The three 5th Bomb Wing B-52Hs that deployed to Andersen Air Force Base, Guam in early December returned home to Minot Air Force Base, North Dakota on December 21, 2016.
Whilst deployed to Guam the B-52s worked with B-1Bs already at Andersen to conduct fifteen sorties near Australia and the South China Sea as past of the Strategic Command's bomber assurance and deterrence mission. The B-52s also took part in Exercise Phoenix Black in conjunction with the Australian military.
"These strategic bomber missions, especially when integrated, provide unparalleled training opportunities for our forces to work together in a joint environment, strengthening our capabilities and ensuring our ability to prepare for contingencies and rapidly respond to crises," said Brig. Gen. Dirk D. Smith, Pacific Air Forces Director of Air and Cyberspace Operations. "This deployment also allowed for greater collaboration between the U.S. and Australia, where we exercised and improved our combined combat capabilities."
“U.S. forces conduct routine training operations within the international air and maritime passages in the South China Sea,” said Maj. Ryan Simpson, Pacific Air Forces bomber operations chief. “Our joint and Pacific partners recognize the importance this area serves as the global commons which connects the Pacific and Indian Oceans. These operations create unique opportunities for our partners in the Pacific to integrate with a joint force of bombers, tankers and other assets within the theater.”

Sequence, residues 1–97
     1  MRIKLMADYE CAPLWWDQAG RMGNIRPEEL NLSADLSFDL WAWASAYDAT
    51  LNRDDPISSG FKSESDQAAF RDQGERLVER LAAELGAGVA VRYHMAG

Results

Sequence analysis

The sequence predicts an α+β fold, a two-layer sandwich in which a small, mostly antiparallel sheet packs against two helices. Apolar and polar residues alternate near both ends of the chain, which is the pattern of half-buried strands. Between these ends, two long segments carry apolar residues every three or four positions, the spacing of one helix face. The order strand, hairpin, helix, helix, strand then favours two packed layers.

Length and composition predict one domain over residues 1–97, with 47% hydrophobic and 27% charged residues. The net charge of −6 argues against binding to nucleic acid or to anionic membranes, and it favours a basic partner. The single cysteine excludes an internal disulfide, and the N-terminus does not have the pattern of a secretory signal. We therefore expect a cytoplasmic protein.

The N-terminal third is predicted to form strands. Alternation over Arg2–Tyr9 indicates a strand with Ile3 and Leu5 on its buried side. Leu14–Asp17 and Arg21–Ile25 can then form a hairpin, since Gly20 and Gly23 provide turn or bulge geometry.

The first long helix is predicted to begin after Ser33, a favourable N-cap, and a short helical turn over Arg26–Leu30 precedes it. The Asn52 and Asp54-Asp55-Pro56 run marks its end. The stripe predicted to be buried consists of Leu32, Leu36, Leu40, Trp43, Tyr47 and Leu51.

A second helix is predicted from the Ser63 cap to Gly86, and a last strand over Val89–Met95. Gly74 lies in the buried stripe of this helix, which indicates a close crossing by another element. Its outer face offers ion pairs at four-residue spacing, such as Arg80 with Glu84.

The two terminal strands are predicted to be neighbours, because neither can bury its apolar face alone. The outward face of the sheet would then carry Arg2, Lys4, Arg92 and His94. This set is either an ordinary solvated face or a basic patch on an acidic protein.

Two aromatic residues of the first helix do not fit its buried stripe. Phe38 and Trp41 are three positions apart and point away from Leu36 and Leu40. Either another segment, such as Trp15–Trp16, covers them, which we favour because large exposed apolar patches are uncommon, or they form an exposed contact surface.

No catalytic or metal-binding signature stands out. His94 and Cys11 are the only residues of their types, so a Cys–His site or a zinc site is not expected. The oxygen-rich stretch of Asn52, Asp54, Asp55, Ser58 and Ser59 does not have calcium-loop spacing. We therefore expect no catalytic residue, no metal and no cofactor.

The routine small force training sortie included a B-52H, two B-1Bs, four F-15Cs and the USS Mustin, an Arleigh Burke-class guided missile destroyer currently assigned to U.S. Pacific Fleet. Seven tanker aircraft operating from several forward operating locations supported the mission.
“This operation showcased the U.S. Air Force’s unparalleled combat capability and precision,” said Capt. Chandler Anderson, 34th Bomb Squadron assistant flight commander and airborne mission commander. “From a B-1 pilot’s perspective, we mission planned simulated standoff weapons, were the overall airborne mission lead, and coordinated with all the other assets using only a rapidly deployable expeditionary communication suite planning environment on the flightline, thousands of miles away from our counterparts. We truly validated the B-1s ability to operate outside of Andersen AFB. Our participation, along with the B-52s, F-15Cs, RC-135, and USS Mustin, enabled us to practice tactics in the South China Sea that offered many valuable lessons learned that will make us even more lethal in combat.”